Rose McGowan

Rose Arianna McGowan (born September 5, 1973) is an American actor, filmmaker, activist and musician. Born in Italy, they were raised among the Children of God cult, before their American-born parents fled back to the USA when Rose was 10 amid concerns about the direction of the community.

Settling in Oregon, McGowan was bullied at school and rebelled from their family. At 15, they legally emancipated herself from their parents and lived in a squat with drag artists, before moving to Los Angeles to try their hand at acting. Commercials, extras work and a small part in 1992’s Encino Man followed, but McGowan walked away from the industry, deciding to work in cosmetology instead.

In 1994, they were standing looking grouchy outside of an LA gym when they were discovered by a casting director for Gregg Araki’s The Doom Generation, believing they’d be perfect for the role of Amy Blue, an apathetic gen-X femme fatale. Their performance became synonymous with 90s punk cool, and they were nominated for Best Debut Performance at the 1996 Independent Spirit Awards.

Landing an agent, McGowan quickly found further roles, among them the smash hit Scream and cult indies including Jawbreaker, Going All the Way and Devil in the Flesh. With their pale white skin and blood-red lipstick, along with a relationship with rock star Marilyn Manson, McGowan was promoted as a bad girl sex symbol for the 1990s, but began to struggle finding mainstream success.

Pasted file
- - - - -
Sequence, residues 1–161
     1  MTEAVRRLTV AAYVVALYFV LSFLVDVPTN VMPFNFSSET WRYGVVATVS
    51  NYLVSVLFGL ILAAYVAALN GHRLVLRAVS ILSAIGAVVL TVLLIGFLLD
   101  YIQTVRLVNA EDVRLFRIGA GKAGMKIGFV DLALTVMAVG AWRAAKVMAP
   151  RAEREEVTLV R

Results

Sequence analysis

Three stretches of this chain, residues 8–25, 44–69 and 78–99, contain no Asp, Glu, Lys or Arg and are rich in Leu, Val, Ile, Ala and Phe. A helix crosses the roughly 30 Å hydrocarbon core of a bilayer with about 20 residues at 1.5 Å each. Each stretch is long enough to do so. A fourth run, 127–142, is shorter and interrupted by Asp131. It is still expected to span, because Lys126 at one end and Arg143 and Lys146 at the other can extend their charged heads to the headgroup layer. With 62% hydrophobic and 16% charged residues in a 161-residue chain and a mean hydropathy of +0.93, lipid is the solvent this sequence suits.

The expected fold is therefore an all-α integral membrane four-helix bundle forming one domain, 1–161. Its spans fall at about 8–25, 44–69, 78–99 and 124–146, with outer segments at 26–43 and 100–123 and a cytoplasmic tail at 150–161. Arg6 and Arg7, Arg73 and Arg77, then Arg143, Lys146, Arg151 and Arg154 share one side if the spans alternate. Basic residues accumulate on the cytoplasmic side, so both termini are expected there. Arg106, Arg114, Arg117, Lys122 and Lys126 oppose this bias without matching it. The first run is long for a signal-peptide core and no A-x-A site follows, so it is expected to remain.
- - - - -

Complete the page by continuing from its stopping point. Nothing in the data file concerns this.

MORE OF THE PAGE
On advice from their management, McGowan joined the cast of the fantasy drama Charmed in its fourth season, replacing the departed Shannen Doherty as one third of a trio of sister witches. After five seasons on the series, McGowan returned to film with roles in Brian De Palma’s The Black Dahlia and the Quentin Tarantino/Robert Rodriguez double bill Grindhouse.

While Grindhouse garnered McGowan international attention, particularly for their role as a go-go dancer with a machine gun for a leg, it was an unhappy period in their personal life. A relationship with Rodriguez imploded, a car accident forced them to undergo extensive reconstructive surgery, and their father died.

In 2015, McGowan announced that they were walking away from acting to explore other ventures, due to their own traumatic experiences in the industry and their frustration with the quality of work promoted by Hollywood.

Their filmmaking debut, the short film Dawn, premiered at Sundance 2015 to rave reviews, and in the same year they released their debut single — an atmospheric slice of electronica called RM486. They have since become a prominent activist across social media, launching their own feminist movement known as Rose Army, and continues to work as an artist, filmmaker and musician. Rose has said they don’t identify with being either a man or woman.